This article, originally titled “Rare Spotless Giraffe Born at Tennessee Zoo Believed to Be the Only One ‘on the Planet,’” was updated on 9/12/23 with the name of the giraffe and information about another one recorded in the wild, pictured above.
Giraffes are defined by their long necks and spotted pattern, but one young animal at Tennessee’s Brights Zoo was unexpectedly born without the latter — and she was originally thought to be the sole living giraffe without spots.
“Giraffe experts believe she is the only solid-colored reticulated giraffe living anywhere on the planet,” the zoo said in a press release in August, per WJHL.
The calf’s rare appearance quickly captured attention online and more than 40,000 people voted on what she should be named, with Kipekee (meaning “unique” in Swahili) ultimately winning.
But then, weeks later, something incredible happened: Another monochromatic mammal was recorded, this one in the wild.
In early September, the Giraffe Conservation Foundation announced that a young spotless Angolan giraffe was photographed on a private game reserve in Namibia, Africa, a first for the continent.
Experts said the lack of spots could be a genetic mutation, but it’s difficult to know for sure.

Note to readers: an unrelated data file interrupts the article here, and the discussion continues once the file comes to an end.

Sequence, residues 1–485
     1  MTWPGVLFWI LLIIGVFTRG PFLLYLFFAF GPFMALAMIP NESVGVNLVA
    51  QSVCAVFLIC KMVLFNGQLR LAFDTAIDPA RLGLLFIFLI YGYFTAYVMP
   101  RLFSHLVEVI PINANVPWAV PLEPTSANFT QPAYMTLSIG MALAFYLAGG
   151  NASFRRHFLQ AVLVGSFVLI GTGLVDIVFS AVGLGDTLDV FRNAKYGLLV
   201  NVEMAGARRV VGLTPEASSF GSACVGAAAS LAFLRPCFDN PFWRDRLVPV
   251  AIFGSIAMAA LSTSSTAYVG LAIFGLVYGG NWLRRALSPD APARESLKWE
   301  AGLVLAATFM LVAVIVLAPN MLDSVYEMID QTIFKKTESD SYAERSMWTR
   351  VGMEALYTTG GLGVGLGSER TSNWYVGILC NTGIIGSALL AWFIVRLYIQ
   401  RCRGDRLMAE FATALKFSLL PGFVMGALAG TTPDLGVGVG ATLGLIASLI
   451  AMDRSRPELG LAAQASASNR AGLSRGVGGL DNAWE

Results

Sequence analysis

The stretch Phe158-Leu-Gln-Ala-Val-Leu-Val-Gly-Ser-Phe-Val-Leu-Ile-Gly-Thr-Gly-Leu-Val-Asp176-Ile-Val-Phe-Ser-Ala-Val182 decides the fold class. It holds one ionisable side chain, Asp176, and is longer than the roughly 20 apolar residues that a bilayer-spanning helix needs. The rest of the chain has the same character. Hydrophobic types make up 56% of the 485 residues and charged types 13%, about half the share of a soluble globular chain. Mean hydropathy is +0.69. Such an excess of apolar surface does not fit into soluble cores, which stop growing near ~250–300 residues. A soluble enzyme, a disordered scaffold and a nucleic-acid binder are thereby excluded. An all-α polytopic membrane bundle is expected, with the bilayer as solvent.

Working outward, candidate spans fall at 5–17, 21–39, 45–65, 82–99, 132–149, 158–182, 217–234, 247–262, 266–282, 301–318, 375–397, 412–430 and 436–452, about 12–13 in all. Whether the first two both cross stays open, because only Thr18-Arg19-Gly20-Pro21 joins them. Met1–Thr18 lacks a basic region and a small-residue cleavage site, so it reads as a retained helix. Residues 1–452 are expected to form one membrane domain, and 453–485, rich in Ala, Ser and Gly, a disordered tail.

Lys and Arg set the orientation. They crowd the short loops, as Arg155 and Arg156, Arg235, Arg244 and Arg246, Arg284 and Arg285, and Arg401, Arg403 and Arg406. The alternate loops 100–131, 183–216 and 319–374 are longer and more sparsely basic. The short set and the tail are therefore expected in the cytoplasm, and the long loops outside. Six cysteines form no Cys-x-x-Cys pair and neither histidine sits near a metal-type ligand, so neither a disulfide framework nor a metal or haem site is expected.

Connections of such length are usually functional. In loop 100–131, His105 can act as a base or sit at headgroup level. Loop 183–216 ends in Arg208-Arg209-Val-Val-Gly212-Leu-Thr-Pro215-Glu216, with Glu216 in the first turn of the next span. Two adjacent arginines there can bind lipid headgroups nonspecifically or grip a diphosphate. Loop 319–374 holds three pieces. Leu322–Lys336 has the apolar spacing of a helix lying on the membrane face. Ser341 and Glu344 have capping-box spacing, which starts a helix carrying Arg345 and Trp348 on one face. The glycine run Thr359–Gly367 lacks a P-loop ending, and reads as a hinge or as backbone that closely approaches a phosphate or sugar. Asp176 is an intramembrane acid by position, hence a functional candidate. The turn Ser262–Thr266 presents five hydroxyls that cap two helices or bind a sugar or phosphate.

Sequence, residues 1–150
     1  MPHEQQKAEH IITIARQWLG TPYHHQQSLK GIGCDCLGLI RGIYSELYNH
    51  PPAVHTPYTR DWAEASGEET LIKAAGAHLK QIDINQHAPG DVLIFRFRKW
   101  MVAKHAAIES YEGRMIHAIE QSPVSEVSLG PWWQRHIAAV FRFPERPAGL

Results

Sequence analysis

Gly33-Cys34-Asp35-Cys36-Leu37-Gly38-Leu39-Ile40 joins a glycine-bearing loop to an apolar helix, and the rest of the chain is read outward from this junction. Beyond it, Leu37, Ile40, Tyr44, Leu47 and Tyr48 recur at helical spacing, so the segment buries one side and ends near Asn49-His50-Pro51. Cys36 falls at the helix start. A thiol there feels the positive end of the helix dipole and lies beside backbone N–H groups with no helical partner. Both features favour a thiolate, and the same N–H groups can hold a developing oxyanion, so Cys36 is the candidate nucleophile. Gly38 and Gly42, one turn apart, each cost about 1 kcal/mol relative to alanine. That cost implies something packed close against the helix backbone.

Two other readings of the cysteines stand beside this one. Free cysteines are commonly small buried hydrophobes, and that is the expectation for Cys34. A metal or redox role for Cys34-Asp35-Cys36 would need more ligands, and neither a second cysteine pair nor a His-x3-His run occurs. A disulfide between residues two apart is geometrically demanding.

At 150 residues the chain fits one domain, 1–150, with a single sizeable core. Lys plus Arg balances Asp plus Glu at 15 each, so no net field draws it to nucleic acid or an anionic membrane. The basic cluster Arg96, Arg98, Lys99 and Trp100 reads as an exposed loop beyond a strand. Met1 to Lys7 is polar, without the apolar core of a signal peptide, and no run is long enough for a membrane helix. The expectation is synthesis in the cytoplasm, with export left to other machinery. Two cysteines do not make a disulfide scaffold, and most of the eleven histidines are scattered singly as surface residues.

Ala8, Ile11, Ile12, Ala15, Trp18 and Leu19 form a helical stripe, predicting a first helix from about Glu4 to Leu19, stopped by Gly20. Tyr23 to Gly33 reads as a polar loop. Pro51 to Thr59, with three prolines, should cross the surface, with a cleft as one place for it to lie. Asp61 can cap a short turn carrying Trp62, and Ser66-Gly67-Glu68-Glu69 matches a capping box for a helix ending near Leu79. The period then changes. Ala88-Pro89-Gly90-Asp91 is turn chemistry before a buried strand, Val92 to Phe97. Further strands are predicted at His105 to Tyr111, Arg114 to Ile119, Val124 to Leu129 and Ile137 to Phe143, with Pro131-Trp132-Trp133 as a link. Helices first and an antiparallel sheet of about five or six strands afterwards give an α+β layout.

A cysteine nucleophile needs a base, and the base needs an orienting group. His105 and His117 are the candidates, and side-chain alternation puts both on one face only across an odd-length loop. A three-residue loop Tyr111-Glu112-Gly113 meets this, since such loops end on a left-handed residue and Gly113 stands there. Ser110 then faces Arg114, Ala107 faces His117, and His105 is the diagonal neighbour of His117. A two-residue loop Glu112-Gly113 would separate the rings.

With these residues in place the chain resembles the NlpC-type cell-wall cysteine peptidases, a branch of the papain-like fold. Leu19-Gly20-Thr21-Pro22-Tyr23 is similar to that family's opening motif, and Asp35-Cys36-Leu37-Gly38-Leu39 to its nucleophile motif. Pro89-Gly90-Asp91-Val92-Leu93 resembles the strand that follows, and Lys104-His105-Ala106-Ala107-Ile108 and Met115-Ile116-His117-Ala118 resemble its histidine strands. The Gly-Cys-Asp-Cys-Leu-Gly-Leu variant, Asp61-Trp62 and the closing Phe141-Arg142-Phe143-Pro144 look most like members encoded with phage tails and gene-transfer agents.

“Maybe we do not always need to have explanations for everything. Why don’t we simply marvel about the wonders of nature?” added Stephanie Fennessy, the organization’s director and co-founder.
Brights Zoo founder Tony Bright previously said he hoped the media attention surrounding Kipekee would help raise awareness of the importance of giraffe conservation in the wild.
According to an assessment of the species conducted by the International Fund for Animal Welfare in 2018, there are about 68,000 wild giraffes left, making them a vulnerable species. They’re already extinct in seven African countries they once roamed and today “occupy only a fraction of their historic range,” per the organization.
“The international coverage of our patternless baby giraffe has created a much-needed spotlight on giraffe conservation,” Bright said. “Wild populations are silently slipping into extinction, with 40% of the wild giraffe population lost in just the last three decades.”
He encouraged people to get involved in helping wild giraffes by supporting the nonprofit Save Giraffes Now — “The more of us that support these organizations that do work in the wild, the better. We want to ensure that future generations get the opportunity to see these wonderful animals.”